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What Is Magnetic Separation?

Mary McMahon
By
Updated May 17, 2024
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Magnetic separation is an industrial process where ferromagnetic contaminants are recovered from materials on the production line. Manufacturers use this to extract useful metal, separate recycling, purify materials, and perform a wide variety of other tasks. Manufacturers of magnetic separation equipment may have a range of products available for sale for different applications, including an assortment of sizes with strong and weak magnetic fields to attract different kinds of magnetic material.

The magnetic separator consists of a large rotating drum that creates a magnetic field. Materials enter the separator and fall out through mesh at the base if they are not magnetic. Sensitive particles respond to the magnetism and cling to the sides of the container. The drums can be used in continuous processing of materials as they move along the assembly line, or in batch jobs, where a single batch is run through all at once.

One common use for magnetic separation is to remove unwanted metal from a shipment of goods. Magnetic separation can help companies keep materials pure, as well as remove things like nails and staples that may have crept into a shipment. The equipment can also purify ores, separate components for recycling, and perform a variety of other tasks where metals need to be separated or isolated. Equipment can range in size from a desktop unit for a lab that needs to process small amounts of material to huge drums used in scrap metal recycling centers.

Manufacturers of magnetic separation equipment typically provide specifications for their products for the benefit of prospective customers. Consumers may need equipment that targets a specific range of metals, or could require large size or high speed capacity. It may be possible to rent or lease equipment for some applications, or if a factory wants to try a device before committing to a purchase. Used equipment is also available.

A gentler form of magnetic separation can be used for delicate tasks like removing magnetic materials from cremated remains or finds at an archaeological site. In these situations, a technician carefully moves a magnet over the material to pull out materials like staples and jewelry. At a crematorium, this is necessary before ashes are ground, as metal objects can damage the equipment. For archaeologists, it can provide a mechanism for carefully separating materials at a find and documenting the position and location of various objects as the archaeologist uncovers them on site or in a lab.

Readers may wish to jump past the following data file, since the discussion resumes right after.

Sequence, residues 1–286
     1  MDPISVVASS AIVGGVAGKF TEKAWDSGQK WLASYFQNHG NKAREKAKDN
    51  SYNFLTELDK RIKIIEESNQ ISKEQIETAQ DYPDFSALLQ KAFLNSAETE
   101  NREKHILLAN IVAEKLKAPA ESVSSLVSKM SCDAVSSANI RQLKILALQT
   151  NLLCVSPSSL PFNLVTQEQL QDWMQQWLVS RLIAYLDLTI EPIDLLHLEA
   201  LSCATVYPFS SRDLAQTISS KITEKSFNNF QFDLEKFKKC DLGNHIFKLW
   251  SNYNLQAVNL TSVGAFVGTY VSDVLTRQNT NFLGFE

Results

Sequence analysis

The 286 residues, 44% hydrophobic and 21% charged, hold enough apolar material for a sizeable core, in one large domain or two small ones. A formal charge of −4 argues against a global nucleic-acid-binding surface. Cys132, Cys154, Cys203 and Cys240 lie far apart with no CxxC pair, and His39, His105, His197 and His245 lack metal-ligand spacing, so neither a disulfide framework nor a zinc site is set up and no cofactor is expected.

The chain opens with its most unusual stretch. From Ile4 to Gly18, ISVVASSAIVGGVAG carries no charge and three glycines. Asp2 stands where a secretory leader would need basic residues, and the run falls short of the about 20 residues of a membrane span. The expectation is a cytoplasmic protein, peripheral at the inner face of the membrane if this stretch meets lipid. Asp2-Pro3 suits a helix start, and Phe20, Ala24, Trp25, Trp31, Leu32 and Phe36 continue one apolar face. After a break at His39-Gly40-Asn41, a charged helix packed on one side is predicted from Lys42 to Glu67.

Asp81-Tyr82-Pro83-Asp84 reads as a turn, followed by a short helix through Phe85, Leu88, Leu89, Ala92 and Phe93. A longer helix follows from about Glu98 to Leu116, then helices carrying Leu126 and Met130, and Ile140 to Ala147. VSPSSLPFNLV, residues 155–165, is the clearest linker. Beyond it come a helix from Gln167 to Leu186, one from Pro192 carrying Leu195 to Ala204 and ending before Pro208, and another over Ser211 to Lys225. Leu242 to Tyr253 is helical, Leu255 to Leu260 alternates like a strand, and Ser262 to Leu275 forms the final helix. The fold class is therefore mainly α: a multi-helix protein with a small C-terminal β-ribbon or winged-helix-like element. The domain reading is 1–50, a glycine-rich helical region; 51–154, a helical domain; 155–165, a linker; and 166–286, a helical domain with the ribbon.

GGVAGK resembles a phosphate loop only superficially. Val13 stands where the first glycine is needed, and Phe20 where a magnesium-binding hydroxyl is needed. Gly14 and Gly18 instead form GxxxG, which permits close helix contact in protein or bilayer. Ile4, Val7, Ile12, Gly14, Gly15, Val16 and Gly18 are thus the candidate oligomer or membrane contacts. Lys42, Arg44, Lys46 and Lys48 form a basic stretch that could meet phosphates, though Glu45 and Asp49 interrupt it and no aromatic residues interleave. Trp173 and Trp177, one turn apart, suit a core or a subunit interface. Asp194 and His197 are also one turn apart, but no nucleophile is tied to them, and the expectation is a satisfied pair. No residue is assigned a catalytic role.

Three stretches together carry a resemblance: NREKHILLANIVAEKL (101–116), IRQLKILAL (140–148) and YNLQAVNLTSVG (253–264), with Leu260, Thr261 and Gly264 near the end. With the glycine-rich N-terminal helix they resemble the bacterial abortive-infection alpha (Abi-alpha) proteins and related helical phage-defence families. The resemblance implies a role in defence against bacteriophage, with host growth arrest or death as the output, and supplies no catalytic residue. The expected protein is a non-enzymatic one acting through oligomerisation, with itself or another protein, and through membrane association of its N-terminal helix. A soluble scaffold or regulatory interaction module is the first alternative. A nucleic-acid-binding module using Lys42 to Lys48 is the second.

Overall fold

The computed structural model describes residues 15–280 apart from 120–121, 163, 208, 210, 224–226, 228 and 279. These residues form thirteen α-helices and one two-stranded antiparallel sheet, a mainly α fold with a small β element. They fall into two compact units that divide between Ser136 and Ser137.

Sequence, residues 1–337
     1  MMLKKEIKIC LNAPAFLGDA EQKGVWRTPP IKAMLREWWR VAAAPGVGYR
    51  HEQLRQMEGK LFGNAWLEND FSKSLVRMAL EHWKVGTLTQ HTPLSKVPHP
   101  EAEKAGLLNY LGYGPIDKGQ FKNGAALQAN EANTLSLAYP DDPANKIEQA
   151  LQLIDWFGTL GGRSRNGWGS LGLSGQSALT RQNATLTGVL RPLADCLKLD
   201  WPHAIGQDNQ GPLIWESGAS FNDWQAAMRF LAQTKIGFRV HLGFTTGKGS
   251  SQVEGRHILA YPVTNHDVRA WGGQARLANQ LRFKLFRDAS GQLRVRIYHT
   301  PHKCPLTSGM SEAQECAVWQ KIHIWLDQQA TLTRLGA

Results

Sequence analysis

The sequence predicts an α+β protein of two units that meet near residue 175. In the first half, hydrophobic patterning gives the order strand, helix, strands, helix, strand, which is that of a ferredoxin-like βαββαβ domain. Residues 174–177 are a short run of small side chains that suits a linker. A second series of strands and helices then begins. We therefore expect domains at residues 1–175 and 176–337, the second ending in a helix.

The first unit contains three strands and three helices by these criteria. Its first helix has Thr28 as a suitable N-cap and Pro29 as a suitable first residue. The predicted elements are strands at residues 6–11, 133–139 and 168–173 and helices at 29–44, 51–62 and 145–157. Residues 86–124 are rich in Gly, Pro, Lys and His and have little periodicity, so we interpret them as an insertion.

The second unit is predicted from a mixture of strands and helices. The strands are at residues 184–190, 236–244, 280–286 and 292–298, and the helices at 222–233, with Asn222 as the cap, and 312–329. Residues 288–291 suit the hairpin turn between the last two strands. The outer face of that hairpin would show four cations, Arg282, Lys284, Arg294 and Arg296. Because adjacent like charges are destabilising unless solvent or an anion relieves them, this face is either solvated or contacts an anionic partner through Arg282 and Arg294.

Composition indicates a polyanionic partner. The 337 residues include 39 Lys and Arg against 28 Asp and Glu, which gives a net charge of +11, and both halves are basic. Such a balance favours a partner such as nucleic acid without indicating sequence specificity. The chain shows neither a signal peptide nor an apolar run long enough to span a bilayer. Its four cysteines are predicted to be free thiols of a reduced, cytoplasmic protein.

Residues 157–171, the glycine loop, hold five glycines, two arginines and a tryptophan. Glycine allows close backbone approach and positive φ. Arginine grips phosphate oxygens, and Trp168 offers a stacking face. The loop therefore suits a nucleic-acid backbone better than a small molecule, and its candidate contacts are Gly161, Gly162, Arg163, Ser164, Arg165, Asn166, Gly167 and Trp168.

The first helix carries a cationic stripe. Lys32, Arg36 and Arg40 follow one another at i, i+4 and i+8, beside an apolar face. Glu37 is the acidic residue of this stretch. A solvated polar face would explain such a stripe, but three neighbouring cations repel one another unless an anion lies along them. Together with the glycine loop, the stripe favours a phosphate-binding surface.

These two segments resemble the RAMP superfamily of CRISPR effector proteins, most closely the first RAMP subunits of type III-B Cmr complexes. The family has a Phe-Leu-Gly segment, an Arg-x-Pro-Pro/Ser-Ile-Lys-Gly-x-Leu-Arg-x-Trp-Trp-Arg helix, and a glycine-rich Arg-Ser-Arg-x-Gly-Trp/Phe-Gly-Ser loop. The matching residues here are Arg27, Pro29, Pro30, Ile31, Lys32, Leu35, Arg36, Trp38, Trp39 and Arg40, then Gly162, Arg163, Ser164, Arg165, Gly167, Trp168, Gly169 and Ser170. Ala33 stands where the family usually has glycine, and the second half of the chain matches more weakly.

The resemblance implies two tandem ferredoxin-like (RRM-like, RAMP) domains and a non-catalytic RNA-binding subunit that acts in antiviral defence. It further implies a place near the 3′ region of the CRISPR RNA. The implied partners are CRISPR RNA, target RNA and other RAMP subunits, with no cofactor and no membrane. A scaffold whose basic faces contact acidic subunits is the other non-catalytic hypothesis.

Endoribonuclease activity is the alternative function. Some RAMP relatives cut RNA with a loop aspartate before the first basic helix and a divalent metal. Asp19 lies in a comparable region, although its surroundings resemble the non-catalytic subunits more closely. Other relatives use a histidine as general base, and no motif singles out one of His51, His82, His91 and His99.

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Mary McMahon
By Mary McMahon

Ever since she began contributing to the site several years ago, Mary has embraced the exciting challenge of being a About Mechanics researcher and writer. Mary has a liberal arts degree from Goddard College and spends her free time reading, cooking, and exploring the great outdoors.

Discussion Comments

By Mammmood — On Jan 31, 2012

@allenJo - I do believe they use these systems in water treatment systems. I don’t know the mechanisms used but it is used from what I’ve heard. Water should give up its magnetic particles quite easily, I would think, since the metals are just floating about like flotsam and jetsam in the ocean.

By allenJo — On Jan 30, 2012

@Charred - Those are two very good points, and I am sure that they are accounted for. The uses described in the article suggest scenarios where the metals are rather loosely fitting, so I think the cleanup job would be thorough.

What I wonder about is if this process can be adapted to water treatment? Since magnetic separation systems can be used to sift through fluids, could they purify water as well?

That seems to be an obvious application. Where I live the tap water has a lot of metals and so we generally don’t drink it. I already have three metal fillings; I don’t need more metal in my body.

By Charred — On Jan 29, 2012

I see two things here that are necessary for magnetic separation to work well. First, the metals must be easily dislodged from whatever material or goop they happen to be sitting in. Otherwise, they’ll just remain stuck, and the separation will be less than effective in pulling out all the metals.

Second, the magnetic drum separator itself must be sufficiently strong. I think that’s obvious, and the second point is related to the first. If the separating device is not strong it won’t dislodge the metals; but there may be situations where the device is strong, but the metals are just stuck and won’t budge.

Mary McMahon

Mary McMahon

Ever since she began contributing to the site several years ago, Mary has embraced the exciting challenge of being a...

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